Pride is both an essential part of self-motivation and an obstacle for those who distance themselves from input and the occasional need to admit mistakes and seek the opportunity to improve. Pride is that driving force that allows cooks to present a plate of food with their unique signature and proclaim: “I made this.” When a cook believes in the substance behind this proud statement, then that extra second or two of time invested in adjusting the seasoning of a dish, perfectly caramelizing that piece of fish in a sauteuse, marking that steak or chop on a grill, or adjusting a plate presentation until it perfectly displays the beauty of each ingredient, is a necessary investment – time well spent.

“There are two kinds of pride, both good and bad. ‘Good pride’ represents our dignity and self-respect. ‘Bad pride’ is the deadly sin of superiority that reeks of conceit and arrogance.”

John C. Maxwell

The final plate that is presented in the “pass” to an expeditor is a culmination of the work of many proud practitioners of various crafts associated with food. It is the result of exceptional dedication and work on the part of the farmer, the fisherman, the rancher, and the cheese maker; the care taken by quality vendors to protect and deliver ingredients in exceptional condition; the chef or purchaser who spent the time to search for the right vendors and to plan a menu and design a dish to represent the passion of cooks and the reputation of the restaurant; the skill of the prep cook who chopped and diced, followed the exacting process defined through foundational cooking methods, made the stocks that would become signature sauces, portioned steaks and chops, and filleted fresh fish in preparation of finishing by line cooks. The line cook represents all of these stakeholders through delicate finish cooking, sauce reduction, adjustments to flavor profiles, and plating and garnishing. That finished dish that stands tall in “the pass” is not only signed by that line cook and approved by the expeditor – it is signed by every person who played a role in bringing that dish to this point. Pride!

Pride runs through the organization of every professional kitchen. “Never allow mediocrity to creep into what we do.” For the cook, it begins when supplies arrive at the back door. All truly competent cooks know that quality, for the restaurant, begins here. Checking in supplies for freshness, maturity, grade, size and shape, and sometimes – even taste, is as essential a task as any phase of the cooking process. Storing those ingredients in the proper container, under the right temperature, and rotating new ingredients with those previously received is critical. The chef walks through coolers and storage every day as he or she determines what specials will be designed, which ingredients need attention, and which ones need to be replaced. This step is not only critical in maintaining freshness – it is also an essential step in ensuring that the restaurant controls its costs. Tight profit margins are managed through inventory eyes.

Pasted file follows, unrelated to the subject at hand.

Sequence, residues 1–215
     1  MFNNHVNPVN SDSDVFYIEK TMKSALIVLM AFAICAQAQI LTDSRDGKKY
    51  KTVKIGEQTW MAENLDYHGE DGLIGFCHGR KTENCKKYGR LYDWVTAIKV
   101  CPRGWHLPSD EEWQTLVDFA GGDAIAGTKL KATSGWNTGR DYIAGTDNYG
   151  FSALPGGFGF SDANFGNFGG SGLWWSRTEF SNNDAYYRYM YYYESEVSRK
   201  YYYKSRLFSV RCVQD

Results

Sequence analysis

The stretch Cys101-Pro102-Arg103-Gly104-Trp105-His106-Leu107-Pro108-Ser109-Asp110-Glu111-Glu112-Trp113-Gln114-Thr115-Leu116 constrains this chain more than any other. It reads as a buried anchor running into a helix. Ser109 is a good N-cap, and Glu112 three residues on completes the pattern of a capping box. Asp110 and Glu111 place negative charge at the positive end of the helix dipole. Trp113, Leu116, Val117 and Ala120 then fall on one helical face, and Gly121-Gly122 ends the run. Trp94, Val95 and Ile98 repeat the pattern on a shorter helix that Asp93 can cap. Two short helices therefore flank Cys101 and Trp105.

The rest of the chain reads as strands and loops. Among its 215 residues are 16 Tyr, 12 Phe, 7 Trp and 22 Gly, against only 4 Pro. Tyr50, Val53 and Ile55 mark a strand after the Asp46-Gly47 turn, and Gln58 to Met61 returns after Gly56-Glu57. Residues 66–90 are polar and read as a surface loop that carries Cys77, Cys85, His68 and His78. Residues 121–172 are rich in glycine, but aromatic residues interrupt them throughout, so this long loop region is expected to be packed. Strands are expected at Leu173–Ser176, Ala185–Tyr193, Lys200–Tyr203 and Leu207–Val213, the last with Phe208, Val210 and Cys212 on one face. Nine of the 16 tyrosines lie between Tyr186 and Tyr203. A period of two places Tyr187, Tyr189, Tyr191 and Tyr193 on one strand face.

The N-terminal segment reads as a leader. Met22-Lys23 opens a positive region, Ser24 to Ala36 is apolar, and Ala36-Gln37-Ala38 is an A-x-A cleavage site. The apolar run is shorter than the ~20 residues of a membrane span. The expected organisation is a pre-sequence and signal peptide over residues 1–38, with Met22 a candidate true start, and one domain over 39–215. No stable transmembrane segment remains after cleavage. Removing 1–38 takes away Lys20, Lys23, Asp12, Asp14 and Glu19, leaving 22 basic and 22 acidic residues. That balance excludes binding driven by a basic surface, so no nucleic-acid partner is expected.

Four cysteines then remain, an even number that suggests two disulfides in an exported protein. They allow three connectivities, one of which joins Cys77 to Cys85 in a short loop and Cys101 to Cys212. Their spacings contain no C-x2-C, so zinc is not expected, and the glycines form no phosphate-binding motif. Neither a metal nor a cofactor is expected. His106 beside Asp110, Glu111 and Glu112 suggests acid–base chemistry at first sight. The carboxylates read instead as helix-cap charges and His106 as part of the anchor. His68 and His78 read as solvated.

The prep cook is an accomplished cook who takes pride in his or her role as the “zero waste” manager, foundational cooking expert, portioner and cost controller, and baseline flavorist. It is this cook who creates the stocks, fillets fish, portions meat, trims and cuts vegetables, builds the inventory of dressings and relishes, and handles the majority of foundational cooking that allows the line cook to finish and adjust when orders arrive off the POS.

The line cook is the finesse person. A ‘la minute preparations at sauté or grill, mise en place that builds an inventory of delicate ingredients for the pan and the plate, clarifying butter, finishing sauces and reductions, building layers of flavor through their well-developed palate, and building meticulously designed plate presentations that bring to mind how an architect builds from the foundation up – this is the job of this last contact person who packages the work of others and sets the stage for guest satisfaction.

The expeditor inspects the plate, wipes the rim, adjusts the garnish, and summons the runner or server for immediate pick-up. The dish must not wait in the pass – when it is ready, it is ready.

Painted in Waterlogue

Finally, the server, in a fine-tuned restaurant, retrieves each plate, scans the presentation and smiles with pride. This is something that is easy to deliver – when a dish is well prepared it is a privilege to present it to a guest. Placing the plate in front of a guest as the chef has instructed, taking a moment to address the name of the dish and its ingredients, and leaving the guest with a simple “enjoy”, is the task of the service staff – the last step in recognizing the signature of all who were involved from the farmer to the guest.

In restaurants – PRIDE is a team sport.

Harvest America Ventures, LLC

Restaurant Consultant BLOG

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About Me

PAUL SORGULE is a seasoned chef, culinary educator, established author, and industry consultant. These are his stories of cooks, chefs, and the environment of the professional kitchen.


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